Kemoge malware: Yet another reason not to use unofficial Android app installs

Unofficial Android apps are finding their way to devices through ads in more than 20 countries, including the U.S. They gain root access and gather phone data before sending off to a remote server.
Written by Kevin Tofel, Contributor

Another week, another attack on Android through adware apps it seems.

Security and cyber-attack firm FireEye announced on Wednesday that it tracked a new mobile malware threat in more than 20 countries worldwide, including the U.S.

Dubbed Kemoge, the threat poses as standard, readily available Android apps but trick users into installing them via ads. On the surface, the apps are duplicates of software that can be found on the Google Play Store; the key difference is that they attack the user's device after installation.

"The attacker uploads the apps to third-party app stores and promotes the download links via websites and in-app ads. Some aggressive ad networks gaining root privilege can also automatically install the samples. On the initial launch, Kemoge collects device information and uploads it to the ad server, then it pervasively serves ads from the background. Victims see ad banners periodically regardless of the current activity (ads even pop up when the user stays on the Android home screen)."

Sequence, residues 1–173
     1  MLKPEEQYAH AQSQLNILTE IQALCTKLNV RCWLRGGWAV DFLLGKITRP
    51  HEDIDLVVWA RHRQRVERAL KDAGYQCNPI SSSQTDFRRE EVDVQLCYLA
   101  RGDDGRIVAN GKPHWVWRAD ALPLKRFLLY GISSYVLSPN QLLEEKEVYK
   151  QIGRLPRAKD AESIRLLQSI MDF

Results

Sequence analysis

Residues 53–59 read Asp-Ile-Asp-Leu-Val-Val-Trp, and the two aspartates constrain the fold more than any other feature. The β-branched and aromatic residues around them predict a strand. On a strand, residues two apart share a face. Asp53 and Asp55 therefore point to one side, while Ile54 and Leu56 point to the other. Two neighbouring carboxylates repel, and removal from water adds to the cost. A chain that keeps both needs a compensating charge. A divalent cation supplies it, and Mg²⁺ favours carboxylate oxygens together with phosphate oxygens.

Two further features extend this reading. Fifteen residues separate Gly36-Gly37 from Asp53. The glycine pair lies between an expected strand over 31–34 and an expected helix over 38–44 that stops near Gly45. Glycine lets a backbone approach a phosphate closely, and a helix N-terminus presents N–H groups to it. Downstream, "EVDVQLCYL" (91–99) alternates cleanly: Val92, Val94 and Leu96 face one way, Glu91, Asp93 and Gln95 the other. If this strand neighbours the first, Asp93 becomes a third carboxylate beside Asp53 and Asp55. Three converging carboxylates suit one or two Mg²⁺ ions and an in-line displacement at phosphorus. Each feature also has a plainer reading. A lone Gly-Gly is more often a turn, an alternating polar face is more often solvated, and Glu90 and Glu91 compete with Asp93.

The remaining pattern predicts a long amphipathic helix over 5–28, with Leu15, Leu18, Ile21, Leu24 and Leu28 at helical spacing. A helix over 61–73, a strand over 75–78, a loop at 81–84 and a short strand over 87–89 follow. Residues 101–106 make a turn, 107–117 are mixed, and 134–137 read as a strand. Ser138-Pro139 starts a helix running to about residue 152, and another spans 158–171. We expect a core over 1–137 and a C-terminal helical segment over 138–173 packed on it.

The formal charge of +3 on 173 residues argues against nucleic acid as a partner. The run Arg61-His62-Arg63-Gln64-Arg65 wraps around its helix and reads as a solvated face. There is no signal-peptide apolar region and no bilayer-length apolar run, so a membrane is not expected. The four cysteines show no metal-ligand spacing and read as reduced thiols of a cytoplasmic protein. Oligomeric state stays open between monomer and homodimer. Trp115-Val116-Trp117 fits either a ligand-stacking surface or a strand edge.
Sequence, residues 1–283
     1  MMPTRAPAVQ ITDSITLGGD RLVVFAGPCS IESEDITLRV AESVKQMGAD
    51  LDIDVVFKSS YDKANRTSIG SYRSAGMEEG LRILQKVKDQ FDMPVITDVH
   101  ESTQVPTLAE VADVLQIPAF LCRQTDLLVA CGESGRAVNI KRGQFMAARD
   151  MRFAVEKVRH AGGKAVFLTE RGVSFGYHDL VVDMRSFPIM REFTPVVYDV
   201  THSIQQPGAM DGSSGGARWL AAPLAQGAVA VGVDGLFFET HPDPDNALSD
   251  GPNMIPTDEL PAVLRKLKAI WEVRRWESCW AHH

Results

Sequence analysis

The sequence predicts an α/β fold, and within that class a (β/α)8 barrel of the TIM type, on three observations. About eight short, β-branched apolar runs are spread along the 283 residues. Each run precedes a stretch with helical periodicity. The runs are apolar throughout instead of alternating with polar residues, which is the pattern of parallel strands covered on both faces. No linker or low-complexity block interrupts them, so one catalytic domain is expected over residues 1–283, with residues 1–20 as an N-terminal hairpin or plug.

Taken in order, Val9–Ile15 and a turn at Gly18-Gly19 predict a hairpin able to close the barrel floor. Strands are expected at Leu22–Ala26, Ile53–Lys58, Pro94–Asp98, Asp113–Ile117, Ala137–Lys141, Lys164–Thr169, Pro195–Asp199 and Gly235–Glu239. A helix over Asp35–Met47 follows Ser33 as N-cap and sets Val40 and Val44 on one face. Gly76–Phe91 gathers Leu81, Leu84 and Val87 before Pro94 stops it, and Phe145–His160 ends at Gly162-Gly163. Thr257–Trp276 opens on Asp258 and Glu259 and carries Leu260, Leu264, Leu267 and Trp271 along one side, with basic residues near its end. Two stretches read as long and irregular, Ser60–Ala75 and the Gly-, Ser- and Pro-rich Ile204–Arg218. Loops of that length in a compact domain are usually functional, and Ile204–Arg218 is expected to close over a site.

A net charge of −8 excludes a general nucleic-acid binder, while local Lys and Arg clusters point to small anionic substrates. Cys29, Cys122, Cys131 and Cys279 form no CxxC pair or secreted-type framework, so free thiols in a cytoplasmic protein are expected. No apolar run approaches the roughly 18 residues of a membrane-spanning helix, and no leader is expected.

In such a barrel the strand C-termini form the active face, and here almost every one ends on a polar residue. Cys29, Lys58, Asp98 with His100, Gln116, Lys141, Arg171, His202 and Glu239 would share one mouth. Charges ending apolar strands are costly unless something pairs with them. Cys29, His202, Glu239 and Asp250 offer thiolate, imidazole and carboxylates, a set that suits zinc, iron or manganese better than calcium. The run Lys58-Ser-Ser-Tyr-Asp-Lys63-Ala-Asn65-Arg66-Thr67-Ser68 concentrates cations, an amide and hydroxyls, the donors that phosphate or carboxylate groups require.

On its blog, FireEye says the insecure apps try to evade detection by running malicious code briefly at startup or 24 hours after installation.

Data such as the phone's IMEI, IMSI, and storage information are then remotely sent to a third-party server.

ArsTechnica, which also reported the development, notes that log files from infected devices show the apps also gain root access to Android.

What's particularly sneaky about these apps, which FireEye says may original from China (simplified Chinese characters were found in all of the apps ) is that they're repackaged under the same name and icon as currently available and safe Android apps.

WiFi Enhancer, Calculator and Talking Tom 3, are a few of the infected titles -- again, only from outside the Google Play Store. But for those who have installed or are familiar with these titles through Google's official app store, installing them may happen without a second thought.


One infected app even uses the same same developer certificate as the original title found in the Google Play Store, which is especially concerning. Ars says Google has since removed that app from the Play Store.

Long story short: Android users shouldn't install apps from ads or other sources but instead directly from Google.

Editorial standards